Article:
<my:UCWaitSpinner x:Name="waitSpinner" Height="120" Width="120" />
        <Button x:Name="buttonStart" Content="Start" Click="buttonStart_Click"/>
        <Button x:Name="buttonStop" Content="Stop"  Click="buttonStop_Click"/>

Step 21 : Write code in click handlers

Open MainPage.xaml.cs and call Start and Stop of WaitSpinner in buttons’ click handlers:

        private void buttonStart_Click(object sender, RoutedEventArgs e)
        {
            waitSpinner.Start();
        }

        private void buttonStop_Click(object sender, RoutedEventArgs e)
        {
            waitSpinner.Stop();
        }

You can run your code and click on Start button to start spinner. Click on Stop button and spinner will slowly fade out.

Let’s see the example code to integrate the control with background processes.

Make following changes to MainPage.xaml’s ContentPanel control:

        <Grid x:Name="ContentPanel" Grid.Row="1" Margin="12,0,12,0">
            <StackPanel>
                <Grid>
                    <Grid.ColumnDefinitions>
                        <ColumnDefinition/>
                        <ColumnDefinition/>
                    </Grid.ColumnDefinitions>
                    <TextBlock Grid.Column="0" x:Name="textBlockSeconds" Text="..."/>
                    <my:UCWaitSpinner Grid.Column="1" x:Name="waitSpinner2" Height="90" Width="90" />
                </Grid>
                <my:UCWaitSpinner x:Name="waitSpinner" Height="120" Width="120" />
                <Button x:Name="buttonStart" Content="Start" Click="buttonStart_Click"/>
                <Button x:Name="buttonStop" Content="Stop"  Click="buttonStop_Click"/>
                <Button x:Name="buttonBackground" Content="Background" Click="buttonBackground_Click"/>
            </StackPanel>
        </Grid>

And add following code to the code behind MainPage.xaml.cs:

    public partial class MainPage : PhoneApplicationPage
    {
        // Constructor
        Thread bgThread;
        public MainPage()
        {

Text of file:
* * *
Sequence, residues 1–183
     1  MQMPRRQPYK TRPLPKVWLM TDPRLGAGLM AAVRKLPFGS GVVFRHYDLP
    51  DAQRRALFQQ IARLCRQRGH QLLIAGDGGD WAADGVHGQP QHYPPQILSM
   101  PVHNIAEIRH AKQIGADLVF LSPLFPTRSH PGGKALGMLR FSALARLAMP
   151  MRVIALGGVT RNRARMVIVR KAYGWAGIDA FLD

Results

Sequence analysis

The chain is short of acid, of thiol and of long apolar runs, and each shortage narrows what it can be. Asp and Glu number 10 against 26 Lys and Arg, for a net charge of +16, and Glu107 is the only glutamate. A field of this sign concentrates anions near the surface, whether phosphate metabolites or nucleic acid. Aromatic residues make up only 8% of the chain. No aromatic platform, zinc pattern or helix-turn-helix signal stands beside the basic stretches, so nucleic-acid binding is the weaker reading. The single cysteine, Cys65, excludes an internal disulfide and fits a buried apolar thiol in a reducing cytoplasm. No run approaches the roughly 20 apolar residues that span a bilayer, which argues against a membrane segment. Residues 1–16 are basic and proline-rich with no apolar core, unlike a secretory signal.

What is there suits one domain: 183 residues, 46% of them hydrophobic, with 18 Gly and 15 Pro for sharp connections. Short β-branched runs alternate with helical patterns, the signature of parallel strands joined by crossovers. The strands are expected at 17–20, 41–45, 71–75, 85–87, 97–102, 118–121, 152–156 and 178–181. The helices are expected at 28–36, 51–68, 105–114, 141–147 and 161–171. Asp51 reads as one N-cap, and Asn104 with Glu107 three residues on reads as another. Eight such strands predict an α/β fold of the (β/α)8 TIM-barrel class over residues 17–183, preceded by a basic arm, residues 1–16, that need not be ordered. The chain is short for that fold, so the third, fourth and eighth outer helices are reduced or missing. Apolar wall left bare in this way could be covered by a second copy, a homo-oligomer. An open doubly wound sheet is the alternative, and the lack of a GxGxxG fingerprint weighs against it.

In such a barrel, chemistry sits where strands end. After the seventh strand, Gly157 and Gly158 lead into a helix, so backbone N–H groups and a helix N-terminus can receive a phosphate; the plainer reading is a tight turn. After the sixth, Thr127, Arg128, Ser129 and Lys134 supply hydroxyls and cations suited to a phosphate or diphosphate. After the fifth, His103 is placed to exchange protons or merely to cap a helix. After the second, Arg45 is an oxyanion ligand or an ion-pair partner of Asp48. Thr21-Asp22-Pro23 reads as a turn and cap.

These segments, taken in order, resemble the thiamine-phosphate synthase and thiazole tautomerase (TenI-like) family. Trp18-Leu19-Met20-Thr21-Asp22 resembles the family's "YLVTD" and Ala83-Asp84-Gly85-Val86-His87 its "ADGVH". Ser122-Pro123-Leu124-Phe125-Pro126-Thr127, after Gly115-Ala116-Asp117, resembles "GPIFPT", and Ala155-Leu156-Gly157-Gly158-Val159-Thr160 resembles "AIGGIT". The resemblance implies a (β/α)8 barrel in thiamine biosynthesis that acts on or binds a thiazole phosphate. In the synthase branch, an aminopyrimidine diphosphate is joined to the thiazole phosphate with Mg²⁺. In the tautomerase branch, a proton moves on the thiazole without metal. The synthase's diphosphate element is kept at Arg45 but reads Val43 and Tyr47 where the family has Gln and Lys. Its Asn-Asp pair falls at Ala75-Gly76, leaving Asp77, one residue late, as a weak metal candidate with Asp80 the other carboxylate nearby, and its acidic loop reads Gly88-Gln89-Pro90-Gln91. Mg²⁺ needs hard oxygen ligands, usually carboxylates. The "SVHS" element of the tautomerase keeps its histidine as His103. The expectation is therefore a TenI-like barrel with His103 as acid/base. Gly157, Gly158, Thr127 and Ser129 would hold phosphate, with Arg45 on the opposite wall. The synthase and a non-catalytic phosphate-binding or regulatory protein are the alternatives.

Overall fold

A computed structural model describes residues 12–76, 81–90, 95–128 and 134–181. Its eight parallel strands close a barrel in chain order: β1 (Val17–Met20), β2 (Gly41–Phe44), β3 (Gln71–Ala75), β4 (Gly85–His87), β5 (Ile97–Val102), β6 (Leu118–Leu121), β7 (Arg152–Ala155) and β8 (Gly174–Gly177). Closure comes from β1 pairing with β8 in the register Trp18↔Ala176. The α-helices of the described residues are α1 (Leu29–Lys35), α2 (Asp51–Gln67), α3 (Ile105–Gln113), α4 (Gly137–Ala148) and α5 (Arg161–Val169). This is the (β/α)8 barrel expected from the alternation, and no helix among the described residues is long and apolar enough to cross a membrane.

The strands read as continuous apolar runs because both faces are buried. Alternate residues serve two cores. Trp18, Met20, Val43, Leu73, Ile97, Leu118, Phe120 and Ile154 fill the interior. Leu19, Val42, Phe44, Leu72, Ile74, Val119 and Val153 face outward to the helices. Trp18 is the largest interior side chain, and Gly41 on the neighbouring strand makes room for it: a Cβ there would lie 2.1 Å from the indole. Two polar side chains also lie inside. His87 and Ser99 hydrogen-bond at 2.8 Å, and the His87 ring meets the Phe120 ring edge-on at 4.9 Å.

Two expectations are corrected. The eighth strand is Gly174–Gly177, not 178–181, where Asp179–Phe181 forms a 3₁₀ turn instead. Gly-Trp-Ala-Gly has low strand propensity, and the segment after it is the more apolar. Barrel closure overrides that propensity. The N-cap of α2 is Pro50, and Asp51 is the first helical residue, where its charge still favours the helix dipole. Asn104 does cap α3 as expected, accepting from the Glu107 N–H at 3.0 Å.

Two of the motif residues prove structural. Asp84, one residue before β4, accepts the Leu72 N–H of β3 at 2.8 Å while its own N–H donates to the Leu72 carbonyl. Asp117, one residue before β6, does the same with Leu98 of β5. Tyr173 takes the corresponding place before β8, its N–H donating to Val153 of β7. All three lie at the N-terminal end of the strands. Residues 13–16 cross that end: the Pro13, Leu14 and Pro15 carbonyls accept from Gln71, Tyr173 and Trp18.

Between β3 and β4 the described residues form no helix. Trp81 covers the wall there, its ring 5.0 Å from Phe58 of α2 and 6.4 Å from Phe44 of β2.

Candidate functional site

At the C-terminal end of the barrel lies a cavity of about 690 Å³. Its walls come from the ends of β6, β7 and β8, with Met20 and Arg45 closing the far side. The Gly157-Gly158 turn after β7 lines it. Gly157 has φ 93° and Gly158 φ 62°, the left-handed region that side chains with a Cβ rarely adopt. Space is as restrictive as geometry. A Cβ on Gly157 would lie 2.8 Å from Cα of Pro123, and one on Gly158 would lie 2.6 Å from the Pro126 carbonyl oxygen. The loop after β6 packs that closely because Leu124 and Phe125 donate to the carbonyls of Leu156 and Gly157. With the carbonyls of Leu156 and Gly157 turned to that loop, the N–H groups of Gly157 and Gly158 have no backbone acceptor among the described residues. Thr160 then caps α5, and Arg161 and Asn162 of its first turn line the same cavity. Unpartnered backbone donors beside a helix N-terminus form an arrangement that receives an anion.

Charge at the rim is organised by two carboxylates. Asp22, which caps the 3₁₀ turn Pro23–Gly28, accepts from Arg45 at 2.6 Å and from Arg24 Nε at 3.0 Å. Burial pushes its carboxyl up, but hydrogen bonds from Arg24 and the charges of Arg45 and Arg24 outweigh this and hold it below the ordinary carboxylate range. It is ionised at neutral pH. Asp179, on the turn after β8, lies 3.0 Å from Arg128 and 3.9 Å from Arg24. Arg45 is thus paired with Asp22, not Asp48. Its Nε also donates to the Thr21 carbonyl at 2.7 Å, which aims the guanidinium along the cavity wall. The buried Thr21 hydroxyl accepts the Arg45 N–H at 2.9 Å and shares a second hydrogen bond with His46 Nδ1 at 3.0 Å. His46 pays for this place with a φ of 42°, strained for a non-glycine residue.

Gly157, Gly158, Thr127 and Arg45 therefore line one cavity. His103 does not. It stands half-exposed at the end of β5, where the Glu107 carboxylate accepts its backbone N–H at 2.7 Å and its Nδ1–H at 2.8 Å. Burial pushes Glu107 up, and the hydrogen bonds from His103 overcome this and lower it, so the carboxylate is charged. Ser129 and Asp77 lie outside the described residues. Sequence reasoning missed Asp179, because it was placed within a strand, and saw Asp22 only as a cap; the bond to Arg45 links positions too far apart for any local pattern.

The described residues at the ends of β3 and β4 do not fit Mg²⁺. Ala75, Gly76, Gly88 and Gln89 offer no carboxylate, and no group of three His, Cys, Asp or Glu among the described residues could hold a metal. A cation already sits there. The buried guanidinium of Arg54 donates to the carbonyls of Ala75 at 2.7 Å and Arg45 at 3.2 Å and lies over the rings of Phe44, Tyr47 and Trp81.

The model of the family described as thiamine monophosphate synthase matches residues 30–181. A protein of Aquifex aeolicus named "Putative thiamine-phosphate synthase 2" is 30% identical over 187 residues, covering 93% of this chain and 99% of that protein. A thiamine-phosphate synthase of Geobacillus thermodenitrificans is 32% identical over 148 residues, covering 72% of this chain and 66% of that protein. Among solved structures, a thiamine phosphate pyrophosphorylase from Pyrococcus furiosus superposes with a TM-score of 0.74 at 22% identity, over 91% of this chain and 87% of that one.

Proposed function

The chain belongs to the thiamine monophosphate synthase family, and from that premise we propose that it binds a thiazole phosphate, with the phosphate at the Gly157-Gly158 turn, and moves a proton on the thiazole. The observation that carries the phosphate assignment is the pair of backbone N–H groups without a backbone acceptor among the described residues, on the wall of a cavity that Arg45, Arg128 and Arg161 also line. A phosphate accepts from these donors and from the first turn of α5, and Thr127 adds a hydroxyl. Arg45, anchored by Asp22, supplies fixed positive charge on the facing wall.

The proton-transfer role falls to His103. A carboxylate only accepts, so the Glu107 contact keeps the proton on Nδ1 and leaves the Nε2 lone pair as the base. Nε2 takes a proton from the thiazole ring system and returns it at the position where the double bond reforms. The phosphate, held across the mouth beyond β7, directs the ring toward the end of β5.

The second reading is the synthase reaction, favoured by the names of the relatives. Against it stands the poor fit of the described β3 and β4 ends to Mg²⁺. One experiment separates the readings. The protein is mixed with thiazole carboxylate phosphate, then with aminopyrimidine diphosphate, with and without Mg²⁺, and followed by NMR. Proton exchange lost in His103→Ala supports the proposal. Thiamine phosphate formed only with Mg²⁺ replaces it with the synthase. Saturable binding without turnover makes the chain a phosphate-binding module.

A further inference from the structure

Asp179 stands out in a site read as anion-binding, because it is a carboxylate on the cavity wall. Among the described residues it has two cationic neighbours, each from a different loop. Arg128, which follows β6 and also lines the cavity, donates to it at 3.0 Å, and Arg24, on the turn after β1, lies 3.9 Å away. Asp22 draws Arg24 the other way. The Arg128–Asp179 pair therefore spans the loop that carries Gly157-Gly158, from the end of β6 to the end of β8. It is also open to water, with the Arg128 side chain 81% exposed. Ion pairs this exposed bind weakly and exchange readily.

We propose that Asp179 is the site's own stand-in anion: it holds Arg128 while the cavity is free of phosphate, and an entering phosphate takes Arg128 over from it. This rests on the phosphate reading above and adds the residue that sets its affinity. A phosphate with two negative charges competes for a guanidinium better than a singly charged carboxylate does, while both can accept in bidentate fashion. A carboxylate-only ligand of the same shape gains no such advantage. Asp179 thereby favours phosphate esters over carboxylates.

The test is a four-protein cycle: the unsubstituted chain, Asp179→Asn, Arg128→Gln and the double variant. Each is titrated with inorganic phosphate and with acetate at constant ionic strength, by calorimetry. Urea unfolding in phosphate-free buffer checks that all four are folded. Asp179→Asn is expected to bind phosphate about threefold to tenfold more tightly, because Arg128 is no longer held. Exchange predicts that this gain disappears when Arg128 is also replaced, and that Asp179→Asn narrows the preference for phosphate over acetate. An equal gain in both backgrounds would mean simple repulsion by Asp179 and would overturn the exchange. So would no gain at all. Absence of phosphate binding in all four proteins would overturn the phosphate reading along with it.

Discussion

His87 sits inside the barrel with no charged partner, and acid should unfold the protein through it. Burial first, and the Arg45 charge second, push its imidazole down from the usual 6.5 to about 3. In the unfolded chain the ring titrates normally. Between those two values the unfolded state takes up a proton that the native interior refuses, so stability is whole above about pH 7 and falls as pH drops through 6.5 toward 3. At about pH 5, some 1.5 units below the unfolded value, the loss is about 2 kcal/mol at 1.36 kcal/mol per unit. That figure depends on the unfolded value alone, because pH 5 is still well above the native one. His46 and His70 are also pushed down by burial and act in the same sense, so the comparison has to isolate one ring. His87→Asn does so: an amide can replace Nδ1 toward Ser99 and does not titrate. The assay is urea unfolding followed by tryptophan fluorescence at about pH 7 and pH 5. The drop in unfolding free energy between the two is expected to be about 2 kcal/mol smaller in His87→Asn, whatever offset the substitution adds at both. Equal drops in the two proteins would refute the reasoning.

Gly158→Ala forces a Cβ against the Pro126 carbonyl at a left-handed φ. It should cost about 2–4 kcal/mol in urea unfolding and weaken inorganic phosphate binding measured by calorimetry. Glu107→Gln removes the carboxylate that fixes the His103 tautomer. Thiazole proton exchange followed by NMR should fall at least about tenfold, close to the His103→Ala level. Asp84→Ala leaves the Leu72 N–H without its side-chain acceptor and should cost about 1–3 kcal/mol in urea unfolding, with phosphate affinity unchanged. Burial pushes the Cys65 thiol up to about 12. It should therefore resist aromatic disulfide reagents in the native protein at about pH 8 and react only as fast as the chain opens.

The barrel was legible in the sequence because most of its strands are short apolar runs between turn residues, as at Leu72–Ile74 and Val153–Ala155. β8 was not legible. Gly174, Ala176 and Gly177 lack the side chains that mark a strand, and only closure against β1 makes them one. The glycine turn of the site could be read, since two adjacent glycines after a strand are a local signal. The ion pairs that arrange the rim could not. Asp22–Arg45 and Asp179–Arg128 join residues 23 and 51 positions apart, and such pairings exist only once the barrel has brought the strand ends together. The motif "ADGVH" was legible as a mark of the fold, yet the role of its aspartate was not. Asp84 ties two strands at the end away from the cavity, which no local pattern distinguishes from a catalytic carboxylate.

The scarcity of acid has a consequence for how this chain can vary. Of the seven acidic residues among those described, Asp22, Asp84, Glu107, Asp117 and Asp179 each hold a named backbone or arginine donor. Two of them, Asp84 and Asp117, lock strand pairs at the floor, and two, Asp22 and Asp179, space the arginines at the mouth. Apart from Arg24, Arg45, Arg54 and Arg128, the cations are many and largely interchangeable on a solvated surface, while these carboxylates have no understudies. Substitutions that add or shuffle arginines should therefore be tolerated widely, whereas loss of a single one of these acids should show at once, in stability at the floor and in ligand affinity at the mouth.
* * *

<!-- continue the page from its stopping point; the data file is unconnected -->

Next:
InitializeComponent();
            bgThread = new Thread(new ThreadStart(() => 
            {
                Dispatcher.BeginInvoke(new Action(() => { waitSpinner2.Start(); }));
                for (int cnt = 0; cnt < 5; cnt++)
                {
                    Dispatcher.BeginInvoke(new Action(() => { textBlockSeconds.Text = string.Format("Step - {0}/4", cnt); }));
                    Thread.CurrentThread.Join(2000);
                }
                Dispatcher.BeginInvoke(new Action(() => { waitSpinner2.Stop(); }));
            }));
        }

        private void buttonStart_Click(object sender, RoutedEventArgs e)
        {
            waitSpinner.Start();
        }

        private void buttonStop_Click(object sender, RoutedEventArgs e)
        {
            waitSpinner.Stop();
        }

        private void buttonBackground_Click(object sender, RoutedEventArgs e)
        {
            buttonBackground.IsEnabled = false;
            bgThread.Start();
        }
    }

F5. You should see something like this:

Download entire code here.

C# | .NET Extension Methods

Here are some extension methods in, C# | .NET,  I shared on this blog overtime:

Deep Copy: JSON Route

Smart Duration Class

Safe Substring

Get Children

Scale With Aspect Ratio

UpdateSource

Start Date of The Week

End Date of The Week

Start Date of The Month

End Date of The Month

Hope you find them useful.

Deep Copy: JSON Route

Sharp Snippets

Introduction

This post is not about:

  • … when to deep copy and when to shallow copy
  • … answering what will happen to events
  • … design problem when deep copy is overused (do research)
  • … JSON v/s Binary serialization
  • … having extension at object level
  • … performance

This post is about:

Cloning

View original post

C#, .NET – Smart Duration Class

Sharp Snippets

Have you ever come across a scenario where you require to have start and end dates, validate whether these dates define valid duration, or determine overlapping duration/timespan in two given duration(s)?

If yes, here I present to you a beautiful MVVM ready, equitable, duration class which does all the above and a little more. 🙂

We will call this class TimeDuration.

TimeDuration implements two interfaces,  IEquatable and INotifyPropertyChanged. In later parts we will see the implementation of methods for IEquatable, let’s have INotifyPropertyChanged implementation first.  Include System.ComponentModel to your cs file and define a PropertyChangedEventHandler type public event PropertyChanged. Also create a private method onPropertyChanged with a return type void. The complete INotifyPropertyChanged implementation looks like this:

Basic information encapsulation this class represent consists of start time and end time. So we will have two public DateTime type properties; Start and End in this class. We wish to notify our…

View original post 298 more words